We do not choose which country we are born, we do not choose our skin colour. As a migrant minority in the UK, similarly, you have no choice but to represent your visibly perceived ethnicity. Representation starts not when you pronounced membership of the ethnic group, it begins “whenever you step into that space” (Quote from Chineke! Ep4. The Anxiety of Representation). During the pandemic, whenever I step on the tube, I can just hide my Asian-looking masked face to get a free 1-metre quarantine zone, no matter how crowded it is. Every Asian looking person became Wuhan, Chinese. Chineseness is dumb down to a simple dimension of fear.

Perceived membership is not always a good indication of subjective identity. Let’s look at another example. Some migrants from Hong Kong (Hong Kongers) yearned to differentiate themselves from being called “Chinese”. There is an ongoing, traceable, consensual process within the Hong Konger community to build and define Hong Kongness, but this difference is often not respected by Chinese and the wider popuation. This highlights the dynamic nature of ethnic identities, and that visible representation is not sufficient a marker to denote group membership. This varying nature of ethnic identities is not unique in migrant populations. To oppose same-sex marriage in Hong Kong, a lot of conservative politicians claim that it is in Chinese culture and tradition to uphold a heterosexual, monogamy marriage. However, as Marco Wan illustrated in his paper, the traditional Chinese marriage was never monogamous. Chineseness was influenced by (western) modernity in their own invention of their marriage “tradition”. Within people groups of the same ethnic origin, with shared language and nationality, their notion of ethnic identity and what it entails can differ. The attempt of using top-down categories and language to restrict how ethnic identity can vary limits our ability to truly allow people to choose how to express their own.

Non-dominant groups do not have the choice to be un-represented, the “Single Outlier” explanation is never accepted for non-dominant groups. The “Bad Apple” excuse is too often used, and accepted, when say e.g., a White man has breached the law. This is another way of explaining why the “unconscious biases” remains pertinent in the UK, the dominant group rejects any potentially negative connotation linked with their White British ethnicity, but are too quick to label and stick with stereotypes they assign on minoritized groups. The dominant group has to power to choose to be un-represented. “I’m not like those White men.” Can non-dominant groups do the same? Look at the disproportionate rates of stop and search in young black men, the colonial spirit lives on, the same spirit that separated families, enslaved cultures, and maintained the hierarchical caste of social class within the UK. Minoritised groups can’t help but feel like their every step is watched, and that they will forever be the other. The reliance on appearance representation amplifies the power imbalances between groups.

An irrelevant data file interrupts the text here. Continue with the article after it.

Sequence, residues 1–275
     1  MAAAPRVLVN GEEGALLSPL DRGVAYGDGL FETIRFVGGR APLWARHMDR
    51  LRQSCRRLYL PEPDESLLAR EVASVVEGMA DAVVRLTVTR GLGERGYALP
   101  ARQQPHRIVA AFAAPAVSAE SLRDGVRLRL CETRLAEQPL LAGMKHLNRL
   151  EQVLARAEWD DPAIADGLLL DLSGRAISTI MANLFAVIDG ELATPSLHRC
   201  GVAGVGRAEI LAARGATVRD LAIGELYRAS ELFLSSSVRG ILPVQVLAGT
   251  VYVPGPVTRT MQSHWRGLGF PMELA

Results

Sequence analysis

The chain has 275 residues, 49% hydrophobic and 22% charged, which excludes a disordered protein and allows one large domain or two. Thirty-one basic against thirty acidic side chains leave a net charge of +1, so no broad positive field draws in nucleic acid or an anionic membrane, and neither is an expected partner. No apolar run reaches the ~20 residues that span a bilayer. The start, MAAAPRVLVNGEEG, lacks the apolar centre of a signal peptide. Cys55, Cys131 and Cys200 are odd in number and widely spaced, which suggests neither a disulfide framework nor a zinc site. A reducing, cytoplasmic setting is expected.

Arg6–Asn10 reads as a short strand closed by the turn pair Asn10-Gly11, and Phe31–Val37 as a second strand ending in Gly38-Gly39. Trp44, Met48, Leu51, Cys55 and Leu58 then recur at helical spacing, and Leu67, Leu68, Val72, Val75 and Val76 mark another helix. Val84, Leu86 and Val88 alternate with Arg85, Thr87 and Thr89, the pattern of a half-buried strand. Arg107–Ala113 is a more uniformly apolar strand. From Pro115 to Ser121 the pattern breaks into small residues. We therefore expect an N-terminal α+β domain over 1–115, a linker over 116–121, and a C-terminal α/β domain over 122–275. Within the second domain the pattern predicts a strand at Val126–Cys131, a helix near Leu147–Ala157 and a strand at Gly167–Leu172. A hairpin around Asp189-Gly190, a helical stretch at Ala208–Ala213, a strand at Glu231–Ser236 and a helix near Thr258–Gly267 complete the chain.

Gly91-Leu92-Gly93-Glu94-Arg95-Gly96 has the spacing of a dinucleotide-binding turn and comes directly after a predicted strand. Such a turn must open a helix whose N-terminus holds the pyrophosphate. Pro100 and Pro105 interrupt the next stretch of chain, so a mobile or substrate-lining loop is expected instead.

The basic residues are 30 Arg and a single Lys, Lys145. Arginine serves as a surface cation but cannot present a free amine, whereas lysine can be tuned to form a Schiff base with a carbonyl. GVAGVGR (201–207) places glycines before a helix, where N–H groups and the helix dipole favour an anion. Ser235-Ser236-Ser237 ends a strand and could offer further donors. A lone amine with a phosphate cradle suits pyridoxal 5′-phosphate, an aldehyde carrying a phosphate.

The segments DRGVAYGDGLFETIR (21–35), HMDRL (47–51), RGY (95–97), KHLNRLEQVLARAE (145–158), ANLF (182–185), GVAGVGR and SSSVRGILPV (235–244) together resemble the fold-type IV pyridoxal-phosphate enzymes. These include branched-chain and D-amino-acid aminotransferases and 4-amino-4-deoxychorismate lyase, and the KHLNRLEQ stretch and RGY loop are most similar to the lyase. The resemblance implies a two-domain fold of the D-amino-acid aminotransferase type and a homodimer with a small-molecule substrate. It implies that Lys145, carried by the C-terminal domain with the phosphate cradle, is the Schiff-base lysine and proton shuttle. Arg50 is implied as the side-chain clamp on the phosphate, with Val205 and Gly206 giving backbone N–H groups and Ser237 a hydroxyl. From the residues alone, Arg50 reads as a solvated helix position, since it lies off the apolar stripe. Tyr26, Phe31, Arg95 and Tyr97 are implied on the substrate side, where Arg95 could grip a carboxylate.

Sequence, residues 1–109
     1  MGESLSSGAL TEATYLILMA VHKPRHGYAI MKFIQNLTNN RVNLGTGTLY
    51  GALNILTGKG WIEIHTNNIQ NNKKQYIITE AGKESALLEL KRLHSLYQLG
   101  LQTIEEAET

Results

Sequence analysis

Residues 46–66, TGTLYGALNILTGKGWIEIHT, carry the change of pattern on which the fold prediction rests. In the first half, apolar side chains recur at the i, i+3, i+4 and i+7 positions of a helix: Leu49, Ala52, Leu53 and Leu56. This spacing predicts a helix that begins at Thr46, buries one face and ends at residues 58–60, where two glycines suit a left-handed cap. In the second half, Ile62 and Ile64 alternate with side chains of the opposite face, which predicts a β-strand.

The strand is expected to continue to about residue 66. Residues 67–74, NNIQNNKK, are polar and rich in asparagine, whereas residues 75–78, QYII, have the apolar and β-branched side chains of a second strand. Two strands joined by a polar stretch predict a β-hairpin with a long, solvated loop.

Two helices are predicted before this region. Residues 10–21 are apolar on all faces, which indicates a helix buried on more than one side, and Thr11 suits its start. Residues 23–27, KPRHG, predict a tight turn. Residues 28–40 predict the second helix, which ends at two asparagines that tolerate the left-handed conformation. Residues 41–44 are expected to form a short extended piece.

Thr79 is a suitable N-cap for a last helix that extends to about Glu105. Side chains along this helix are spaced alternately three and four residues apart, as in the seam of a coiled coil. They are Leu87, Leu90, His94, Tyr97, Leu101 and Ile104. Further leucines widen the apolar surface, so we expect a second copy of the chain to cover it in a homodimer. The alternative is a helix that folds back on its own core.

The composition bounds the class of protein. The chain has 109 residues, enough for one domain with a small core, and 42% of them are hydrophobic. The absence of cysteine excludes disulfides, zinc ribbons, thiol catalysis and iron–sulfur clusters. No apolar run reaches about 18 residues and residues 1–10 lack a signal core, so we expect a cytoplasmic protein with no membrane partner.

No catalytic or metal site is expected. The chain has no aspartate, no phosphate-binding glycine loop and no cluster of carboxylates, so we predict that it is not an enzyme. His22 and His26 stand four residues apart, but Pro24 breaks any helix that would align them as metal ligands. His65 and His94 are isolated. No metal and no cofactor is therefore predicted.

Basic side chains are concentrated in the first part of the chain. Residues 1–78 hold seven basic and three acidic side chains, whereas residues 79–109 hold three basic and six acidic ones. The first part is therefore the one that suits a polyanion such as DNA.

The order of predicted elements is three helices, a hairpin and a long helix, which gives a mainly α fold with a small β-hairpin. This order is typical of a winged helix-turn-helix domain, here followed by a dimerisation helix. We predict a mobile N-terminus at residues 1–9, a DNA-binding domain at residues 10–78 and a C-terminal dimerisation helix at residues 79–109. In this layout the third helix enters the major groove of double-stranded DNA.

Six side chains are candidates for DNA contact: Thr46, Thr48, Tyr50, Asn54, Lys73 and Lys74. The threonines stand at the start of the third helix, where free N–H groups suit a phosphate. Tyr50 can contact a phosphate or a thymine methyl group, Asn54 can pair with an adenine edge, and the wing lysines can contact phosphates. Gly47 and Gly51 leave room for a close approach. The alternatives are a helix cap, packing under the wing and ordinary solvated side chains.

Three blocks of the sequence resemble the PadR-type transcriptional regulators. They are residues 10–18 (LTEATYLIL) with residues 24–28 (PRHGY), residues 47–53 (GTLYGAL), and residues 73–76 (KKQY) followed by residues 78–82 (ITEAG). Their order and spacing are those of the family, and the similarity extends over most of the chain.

The direct implication of the reliance of appearance representation is the risk of under-representing the rights of the less populated/less vocal “sub-groups” within the same ethnic category umbrella term. The indirect consequence is that it creates an illusion of progress (which can be infinitely perpetuated by keep on moving the goal posts), when the underlying resource allocation system does not change, that people from non-dominant groups are still viewed as lesser.


Author: joseph lam

On a Part-Time PhD Journey. Reflection on living Academia into a better place. 🇭🇰 Migrant in 🇬🇧